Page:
National Review posts an editorial today on the appointment of Chas Freeman. The editors write:
Three of the major foreign-policy challenges the United States faces today involve the survival of Israel, the Saudis' promotion of radical Islam, and the ambitions of China. To navigate them, Obama has chosen a fierce critic of Israel - our only reliable ally in the region where threats to the United States are most immediate - whose track record is one of kowtowing to our enemies in the Mideast and our rivals in Beijing.
Freeman's supporters have failed to mount any defense at all of Freeman's writing on the Tiananmen Square massacre. Instead they've avoided the issue entirely, focusing on Freeman's alleged status as an "honest broker" on Middle East issues. But as the editors at NR point out, even if that were true, it is irrelevant to the job that Freeman is being asked to do. This job requires someone capable of serious and independent thinking about the threat posed by Communist China, the threat posed by radical Islam, and the extent to which the Saudi regime supports the latter. It now seems obvious, if only by the silence of his supporters, that Freeman is not independent or serious on these issues -- otherwise someone, anyone, would come forward to defend his statements that King Abdullah should be called King Abdullah the Great, or that "the truly unforgivable mistake of the Chinese authorities" was their failure to act quickly enough "to restore domestic tranquility" in 1989. As a postscript to his note in support of the Chinese crackdown, Freeman wrote:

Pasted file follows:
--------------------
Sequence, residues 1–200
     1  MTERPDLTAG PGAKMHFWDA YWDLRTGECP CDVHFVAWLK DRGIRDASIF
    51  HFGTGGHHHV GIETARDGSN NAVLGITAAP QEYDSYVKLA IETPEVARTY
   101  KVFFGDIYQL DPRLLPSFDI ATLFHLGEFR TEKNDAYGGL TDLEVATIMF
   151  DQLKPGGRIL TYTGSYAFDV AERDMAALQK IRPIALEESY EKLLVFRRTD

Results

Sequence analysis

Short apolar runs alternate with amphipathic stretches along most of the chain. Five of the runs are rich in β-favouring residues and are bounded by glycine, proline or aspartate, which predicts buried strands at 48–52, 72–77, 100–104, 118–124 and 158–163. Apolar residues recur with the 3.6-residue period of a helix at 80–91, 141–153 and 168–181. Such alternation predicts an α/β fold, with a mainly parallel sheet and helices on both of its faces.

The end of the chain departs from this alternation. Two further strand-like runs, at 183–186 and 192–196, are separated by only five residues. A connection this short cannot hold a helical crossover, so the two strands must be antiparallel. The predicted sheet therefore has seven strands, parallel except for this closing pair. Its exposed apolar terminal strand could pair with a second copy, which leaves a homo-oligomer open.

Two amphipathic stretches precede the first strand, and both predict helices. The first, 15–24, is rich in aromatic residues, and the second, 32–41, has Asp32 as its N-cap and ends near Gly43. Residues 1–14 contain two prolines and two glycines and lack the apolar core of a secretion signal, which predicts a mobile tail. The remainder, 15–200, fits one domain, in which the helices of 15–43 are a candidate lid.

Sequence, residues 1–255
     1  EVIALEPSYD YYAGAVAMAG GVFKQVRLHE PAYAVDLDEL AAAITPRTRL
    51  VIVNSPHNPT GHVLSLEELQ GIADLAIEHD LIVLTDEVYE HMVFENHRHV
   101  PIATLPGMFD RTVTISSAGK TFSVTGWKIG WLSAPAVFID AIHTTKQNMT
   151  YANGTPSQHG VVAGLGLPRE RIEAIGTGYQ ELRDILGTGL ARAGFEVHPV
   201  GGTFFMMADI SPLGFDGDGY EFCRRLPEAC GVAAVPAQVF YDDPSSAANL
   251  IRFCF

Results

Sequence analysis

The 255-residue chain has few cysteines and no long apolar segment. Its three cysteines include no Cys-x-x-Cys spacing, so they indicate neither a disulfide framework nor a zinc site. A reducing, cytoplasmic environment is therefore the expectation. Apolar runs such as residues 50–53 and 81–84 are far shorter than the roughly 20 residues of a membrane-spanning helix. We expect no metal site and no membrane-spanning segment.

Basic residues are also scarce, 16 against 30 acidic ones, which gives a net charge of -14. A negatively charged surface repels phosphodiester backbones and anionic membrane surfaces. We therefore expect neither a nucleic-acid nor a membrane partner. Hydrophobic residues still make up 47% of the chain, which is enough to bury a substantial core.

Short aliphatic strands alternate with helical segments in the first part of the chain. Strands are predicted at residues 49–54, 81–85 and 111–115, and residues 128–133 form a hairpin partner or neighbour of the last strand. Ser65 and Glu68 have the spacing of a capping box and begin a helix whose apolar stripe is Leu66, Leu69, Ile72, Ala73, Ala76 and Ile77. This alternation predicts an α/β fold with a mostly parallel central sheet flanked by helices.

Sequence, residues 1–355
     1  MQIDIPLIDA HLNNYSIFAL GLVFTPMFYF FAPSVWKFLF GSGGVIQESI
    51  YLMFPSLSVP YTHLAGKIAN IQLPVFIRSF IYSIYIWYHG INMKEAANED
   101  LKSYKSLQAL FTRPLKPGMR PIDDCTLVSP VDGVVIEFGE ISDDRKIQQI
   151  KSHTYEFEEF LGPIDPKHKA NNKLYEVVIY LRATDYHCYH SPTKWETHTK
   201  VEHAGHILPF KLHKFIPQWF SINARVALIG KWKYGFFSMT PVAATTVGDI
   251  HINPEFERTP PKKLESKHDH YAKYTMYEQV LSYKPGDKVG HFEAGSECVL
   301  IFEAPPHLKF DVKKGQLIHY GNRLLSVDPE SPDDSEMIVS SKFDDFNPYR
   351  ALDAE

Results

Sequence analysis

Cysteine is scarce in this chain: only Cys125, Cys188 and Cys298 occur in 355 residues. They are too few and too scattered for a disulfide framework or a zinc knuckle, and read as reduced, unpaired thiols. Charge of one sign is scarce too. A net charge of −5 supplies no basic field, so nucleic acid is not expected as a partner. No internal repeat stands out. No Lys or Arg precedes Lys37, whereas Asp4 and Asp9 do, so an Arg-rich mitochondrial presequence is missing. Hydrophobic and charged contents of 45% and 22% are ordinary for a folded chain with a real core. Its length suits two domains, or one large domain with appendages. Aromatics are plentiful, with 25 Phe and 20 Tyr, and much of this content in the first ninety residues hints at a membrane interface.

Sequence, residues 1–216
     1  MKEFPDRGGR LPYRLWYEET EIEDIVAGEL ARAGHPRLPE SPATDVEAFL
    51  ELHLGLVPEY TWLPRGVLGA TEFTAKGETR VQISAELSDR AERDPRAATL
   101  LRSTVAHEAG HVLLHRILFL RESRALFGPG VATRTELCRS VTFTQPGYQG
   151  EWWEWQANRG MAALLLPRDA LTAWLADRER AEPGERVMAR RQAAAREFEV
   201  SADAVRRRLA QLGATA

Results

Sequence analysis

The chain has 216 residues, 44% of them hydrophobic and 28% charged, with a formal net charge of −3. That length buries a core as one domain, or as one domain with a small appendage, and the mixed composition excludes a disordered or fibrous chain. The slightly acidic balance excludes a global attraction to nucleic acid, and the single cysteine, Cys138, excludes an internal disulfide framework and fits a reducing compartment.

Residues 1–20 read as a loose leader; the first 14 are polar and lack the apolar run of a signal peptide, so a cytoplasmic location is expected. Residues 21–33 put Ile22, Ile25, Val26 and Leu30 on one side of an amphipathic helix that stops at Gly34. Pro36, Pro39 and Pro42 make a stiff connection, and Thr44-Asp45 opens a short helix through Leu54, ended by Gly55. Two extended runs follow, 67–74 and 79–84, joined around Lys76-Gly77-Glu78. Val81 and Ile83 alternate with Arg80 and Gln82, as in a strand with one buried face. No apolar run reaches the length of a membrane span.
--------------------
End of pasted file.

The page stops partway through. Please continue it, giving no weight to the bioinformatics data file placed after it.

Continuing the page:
I await the brickbats of those who insist on a politically correct -- i.e. non Burkean conservative -- view.
Should the head of the National Intelligence Council really be a man who fancies himself a "Burkean conservative"? Wasn't the lesson of the last eight years, repeated again and again by the left, that intelligence should be free of ideology and politics? And why hasn't Andrew Sullivan, the blogosphere's self-appointed leader of Burkean conservatism, weighed in on this? Is it true that Burkean conservatives supported the Chinese crackdown in 1989, or has Freeman badly misunderstood the writings of Burke? Update: Donnelly responds here.
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